A trial to see if triptorelin can shrink the prostate gland before radiotherapy (EDVART)

Cancer type:

Prostate cancer

Status:

Results

Phase:

Phase 2/3

This trial looked at triptorelin before radiotherapy for prostate cancer, to see whether it can shrink the prostate gland.

It was open for people to join between 2011 and 2013, and the team published the results in 2019.

More about this trial

Doctors can treat prostate cancer with a number of treatments including surgery, radiotherapy, and hormone therapy. The men taking part in this trial were having radiotherapy to try to cure their prostate cancer.

We already knew from research that having hormone therapy for 3 months before radiotherapy can shrink the prostate gland. This helps the radiotherapy to work better. 

When this trial was done, doctors often used a hormone therapy called goserelin (Zoladex)

In this trial, the researchers compared goserelin with another hormone therapy called triptorelin (Decapeptyl). It works in a similar way to goserelin. When this trial was done, triptorelin had been looked at in trials for men with more advanced prostate cancer.

The aims of the trial were to find out:

  • whether triptorelin works as well as goserelin at reducing the size of the prostate gland 
  • more about the side effects and how the treatments affect men’s quality of life

Summary of results

The research team found that triptorelin and goserelin both helped reduce the size of the prostate.

Trial design
The men taking part in this trial had all been diagnosed with prostate cancer, and were due to have hormone therapy and then radiotherapy. They were having hormone therapy first to help reduce the size of their prostate. 

They were put into 1 of 2 treatment groups - half had triptorelin and half had goserelin.

They all had a trans rectal ultrasound scan (TRUS) before and after their hormone therapy. And had regular blood tests to measure their PSA and testosterone levels.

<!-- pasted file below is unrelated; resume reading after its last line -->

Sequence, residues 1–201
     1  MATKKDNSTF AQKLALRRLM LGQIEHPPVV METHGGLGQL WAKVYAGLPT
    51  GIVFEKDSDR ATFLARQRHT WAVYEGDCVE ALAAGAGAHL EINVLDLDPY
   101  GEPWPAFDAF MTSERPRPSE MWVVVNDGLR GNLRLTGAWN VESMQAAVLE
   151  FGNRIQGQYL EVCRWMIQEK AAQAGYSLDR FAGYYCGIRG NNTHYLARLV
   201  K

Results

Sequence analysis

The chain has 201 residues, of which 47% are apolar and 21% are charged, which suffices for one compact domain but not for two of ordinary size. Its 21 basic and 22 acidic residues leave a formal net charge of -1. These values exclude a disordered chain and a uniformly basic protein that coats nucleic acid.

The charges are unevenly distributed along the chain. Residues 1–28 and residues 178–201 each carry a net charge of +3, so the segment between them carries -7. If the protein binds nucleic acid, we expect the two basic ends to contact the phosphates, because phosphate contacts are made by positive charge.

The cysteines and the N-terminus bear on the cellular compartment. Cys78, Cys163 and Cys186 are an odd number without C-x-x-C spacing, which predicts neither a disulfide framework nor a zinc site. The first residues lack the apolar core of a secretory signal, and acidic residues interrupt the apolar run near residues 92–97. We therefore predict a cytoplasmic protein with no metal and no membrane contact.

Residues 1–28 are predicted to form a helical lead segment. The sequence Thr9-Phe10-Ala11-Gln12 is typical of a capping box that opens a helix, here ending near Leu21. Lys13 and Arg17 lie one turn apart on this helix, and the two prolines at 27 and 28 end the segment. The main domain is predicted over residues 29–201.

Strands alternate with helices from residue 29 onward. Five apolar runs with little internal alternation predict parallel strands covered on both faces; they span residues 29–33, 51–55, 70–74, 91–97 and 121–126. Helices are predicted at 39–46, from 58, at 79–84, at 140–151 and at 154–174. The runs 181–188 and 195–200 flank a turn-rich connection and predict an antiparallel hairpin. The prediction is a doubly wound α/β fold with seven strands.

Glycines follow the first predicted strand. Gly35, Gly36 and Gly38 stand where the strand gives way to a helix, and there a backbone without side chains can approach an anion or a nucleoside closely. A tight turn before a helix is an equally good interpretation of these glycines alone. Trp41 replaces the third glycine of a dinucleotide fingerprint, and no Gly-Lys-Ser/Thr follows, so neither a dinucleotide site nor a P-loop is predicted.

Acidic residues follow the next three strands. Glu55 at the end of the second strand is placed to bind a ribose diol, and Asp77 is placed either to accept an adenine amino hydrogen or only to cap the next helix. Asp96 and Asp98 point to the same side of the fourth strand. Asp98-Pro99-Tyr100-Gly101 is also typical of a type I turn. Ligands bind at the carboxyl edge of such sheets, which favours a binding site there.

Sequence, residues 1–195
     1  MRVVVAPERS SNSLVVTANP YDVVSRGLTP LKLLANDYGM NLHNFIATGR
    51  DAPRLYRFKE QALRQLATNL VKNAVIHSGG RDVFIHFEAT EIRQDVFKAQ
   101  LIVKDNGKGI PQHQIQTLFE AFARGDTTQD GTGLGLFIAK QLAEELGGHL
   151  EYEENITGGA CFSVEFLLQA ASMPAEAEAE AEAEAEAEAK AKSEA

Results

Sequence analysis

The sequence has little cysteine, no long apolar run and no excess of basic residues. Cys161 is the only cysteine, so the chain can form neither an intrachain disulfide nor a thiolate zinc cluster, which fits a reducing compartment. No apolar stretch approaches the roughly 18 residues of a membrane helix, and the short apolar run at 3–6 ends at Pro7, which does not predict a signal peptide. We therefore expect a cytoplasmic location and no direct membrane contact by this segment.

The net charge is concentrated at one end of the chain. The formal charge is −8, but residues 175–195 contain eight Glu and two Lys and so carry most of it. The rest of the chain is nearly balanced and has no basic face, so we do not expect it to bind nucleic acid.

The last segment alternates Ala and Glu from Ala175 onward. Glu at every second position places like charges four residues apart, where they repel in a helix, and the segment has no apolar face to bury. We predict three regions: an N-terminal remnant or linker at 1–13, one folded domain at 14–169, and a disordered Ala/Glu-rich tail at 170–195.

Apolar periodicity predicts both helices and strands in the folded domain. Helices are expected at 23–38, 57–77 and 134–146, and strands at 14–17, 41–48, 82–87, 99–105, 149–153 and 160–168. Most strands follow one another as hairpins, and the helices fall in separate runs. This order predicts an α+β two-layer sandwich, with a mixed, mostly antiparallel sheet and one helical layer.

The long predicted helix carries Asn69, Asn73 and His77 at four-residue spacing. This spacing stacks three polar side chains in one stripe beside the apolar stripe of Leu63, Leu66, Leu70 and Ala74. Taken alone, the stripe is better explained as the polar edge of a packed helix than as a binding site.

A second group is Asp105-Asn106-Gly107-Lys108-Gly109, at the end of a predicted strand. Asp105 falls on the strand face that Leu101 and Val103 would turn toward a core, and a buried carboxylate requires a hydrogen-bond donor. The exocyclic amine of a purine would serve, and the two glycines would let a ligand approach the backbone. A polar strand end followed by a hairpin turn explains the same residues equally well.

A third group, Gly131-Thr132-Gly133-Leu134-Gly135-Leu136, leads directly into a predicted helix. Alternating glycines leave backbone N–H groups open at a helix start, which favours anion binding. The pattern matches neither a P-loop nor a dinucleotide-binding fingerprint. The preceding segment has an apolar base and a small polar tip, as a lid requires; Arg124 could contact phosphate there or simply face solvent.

They also completed various quality of life questionnaires before, during and after treatment:

  • one was designed for anyone taking part in any trial (EQ5D)
  • one was for people with any type of cancer (QLQ-C30)
  • one was specifically for people with prostate cancer (QLQ PR25)

Results
A total of 71 men took part in this trial. They were put into 1 of 2 groups at random:

  • 37 had triptorelin
  • 34 had goserelin

The research team measured the size (volume) of everyone’s prostate gland, before and after treatment. They then worked out the average prostate size, and the average change in size. They found that the prostate got smaller in both groups.

They measured the prostate in cubic centimetres (cc). A cubic centimetre is the same size as a millilitre (ml).

For men who had triptorelin the prostate changed from an average of 38cc before treatment, to an average of 27cc afterwards. This is a reduction in size of 11cc.

For men who had goserelin the prostate changed from an average of 38cc before treatment, to an average of 24cc afterwards. This is a reduction in size of 14cc.

The difference between the 2 groups isn’t big enough to say for sure that it’s due to the different treatments. It could be due to chance. So these results suggest that triptorelin is as good as goserelin. 

Quality of life
The research team found that there was no difference between the two groups for nearly all the quality of life assessments.

The men who had goserelin had slightly worse ‘hormone symptoms’ such as hot flushes or sore breasts.

Conclusion
The trial team concluded that triptorelin was as good as goserelin at reducing the size of the prostate before radiotherapy. And it didn’t decrease the men’s quality of life. 

Where this information comes from    
We have based this summary on information from the research team. The information they sent us has been reviewed by independent specialists (peer reviewed Open a glossary item) and published in a medical journal. The figures we quote above were provided by the trial team who did the research. We have not analysed the data ourselves.
 

Recruitment start:

Recruitment end:

How to join a clinical trial

Please note: In order to join a trial you will need to discuss it with your doctor, unless otherwise specified.

Please note - unless we state otherwise in the summary, you need to talk to your doctor about joining a trial.

Chief Investigator

Dr Amit Bahl

Supported by

Ipsen
NIHR Clinical Research Network: Cancer
University Hospitals Bristol NHS Foundation Trust
 

If you have questions about the trial please contact our cancer information nurses

Freephone 0808 800 4040

Last review date

CRUK internal database number:

Oracle 8135

Please note - unless we state otherwise in the summary, you need to talk to your doctor about joining a trial.

Keith took part in a trial looking into hormone therapy

A picture of Keith

"Health wise I am feeling great. I am a big supporter of trials - it allows new treatments and drugs to be brought in.”

Last reviewed:

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